2. Regioisomer-specific electron affinities and electronic structures of C70 para-Adducts at polar and equatorial positions with (bromo)benzyl radicals: photoelectron spectroscopy and theoretical Study

    Energy Technology Data Exchange (ETDEWEB)

    Hou, Gao-Lei; Li, Lei-Jiao; Li, Shu-Hui; Sun, Zhong-Ming; Gao, Xiang; Wang, Xue-Bin

    2016-07-28

    Negative ion photoelectron spectroscopy shows interesting regioisomer-specific electron affinities (EAs) of 2,5– and 7,23– para-adducts of C70 [(ArCH2)2C70] (Ar = Ph, o-, m-, and p-BrC6H4). Their EA values are larger than that of C70 by 5-150 meV with the 2,5– polar adducts’ EAs being higher than their corresponding 7,23– equatorial counterparts, exhibiting appreciable EA tunable ranges and regioisomer specificity. Density functional theory (DFT) calculations reproduce both the experimental EA values and EA trends very well.

  3. Correlated Electron Calculations with Hartree-Fock Scaling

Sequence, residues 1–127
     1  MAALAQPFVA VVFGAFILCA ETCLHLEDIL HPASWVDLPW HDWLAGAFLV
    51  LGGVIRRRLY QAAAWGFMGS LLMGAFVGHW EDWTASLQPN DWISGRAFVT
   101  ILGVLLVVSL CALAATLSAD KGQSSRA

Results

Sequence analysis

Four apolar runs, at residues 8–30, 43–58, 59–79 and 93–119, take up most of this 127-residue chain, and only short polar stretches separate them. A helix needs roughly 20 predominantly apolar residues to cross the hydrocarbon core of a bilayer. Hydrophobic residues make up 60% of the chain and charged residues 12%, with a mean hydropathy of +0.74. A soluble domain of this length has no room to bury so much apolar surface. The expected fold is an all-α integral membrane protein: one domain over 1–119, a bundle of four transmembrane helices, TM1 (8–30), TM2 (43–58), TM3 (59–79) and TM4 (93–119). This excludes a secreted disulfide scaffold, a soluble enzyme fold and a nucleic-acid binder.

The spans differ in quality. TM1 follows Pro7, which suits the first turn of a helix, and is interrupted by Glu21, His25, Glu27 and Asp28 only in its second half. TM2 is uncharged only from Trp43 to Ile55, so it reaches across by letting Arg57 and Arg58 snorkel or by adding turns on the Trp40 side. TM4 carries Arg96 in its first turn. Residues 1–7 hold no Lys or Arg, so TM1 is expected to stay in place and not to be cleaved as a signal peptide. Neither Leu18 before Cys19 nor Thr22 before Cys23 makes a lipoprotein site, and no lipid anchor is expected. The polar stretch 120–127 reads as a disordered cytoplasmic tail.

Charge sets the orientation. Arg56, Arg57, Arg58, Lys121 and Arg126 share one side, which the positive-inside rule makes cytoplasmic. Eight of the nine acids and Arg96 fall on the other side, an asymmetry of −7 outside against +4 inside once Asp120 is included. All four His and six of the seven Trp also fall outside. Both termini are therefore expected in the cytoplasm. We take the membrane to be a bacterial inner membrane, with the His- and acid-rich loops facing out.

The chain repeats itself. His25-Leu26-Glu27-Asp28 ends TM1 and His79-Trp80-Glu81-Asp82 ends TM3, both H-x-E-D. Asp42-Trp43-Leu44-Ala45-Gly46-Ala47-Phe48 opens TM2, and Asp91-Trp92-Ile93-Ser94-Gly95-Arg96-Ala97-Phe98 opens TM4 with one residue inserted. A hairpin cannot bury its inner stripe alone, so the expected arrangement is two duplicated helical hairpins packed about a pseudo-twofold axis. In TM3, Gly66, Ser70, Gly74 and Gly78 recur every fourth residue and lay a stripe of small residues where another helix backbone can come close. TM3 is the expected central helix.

CERN Document Server

    Gebauer, Ralph; Car, Roberto

    2013-01-01

    We introduce an energy functional for ground-state electronic structure calculations with fundamental variables the natural spin orbitals and their joint occupation probabilities in an implied many-body trial wave function. We use a controlled approximation for the two-particle density matrix that greatly extends the accuracy compared to current functionals of the one-particle density matrix only. Algebraic scaling of computational cost with electron number is achieved in general, and Hartree-Fock scaling in the seniority-zero version of the theory. We present results obtained with the latter version for saturated small molecular systems for which highly accurate quantum chemical computations are available for comparison. The results are variational, capturing most of the correlation energy from equilibrium to dissociation.

  4. Electronic Structure of Silicon Nanowires Matrix from Ab Initio Calculations.

    Science.gov (United States)

    Monastyrskii, Liubomyr S; Boyko, Yaroslav V; Sokolovskii, Bogdan S; Potashnyk, Vasylyna Ya

    2016-12-01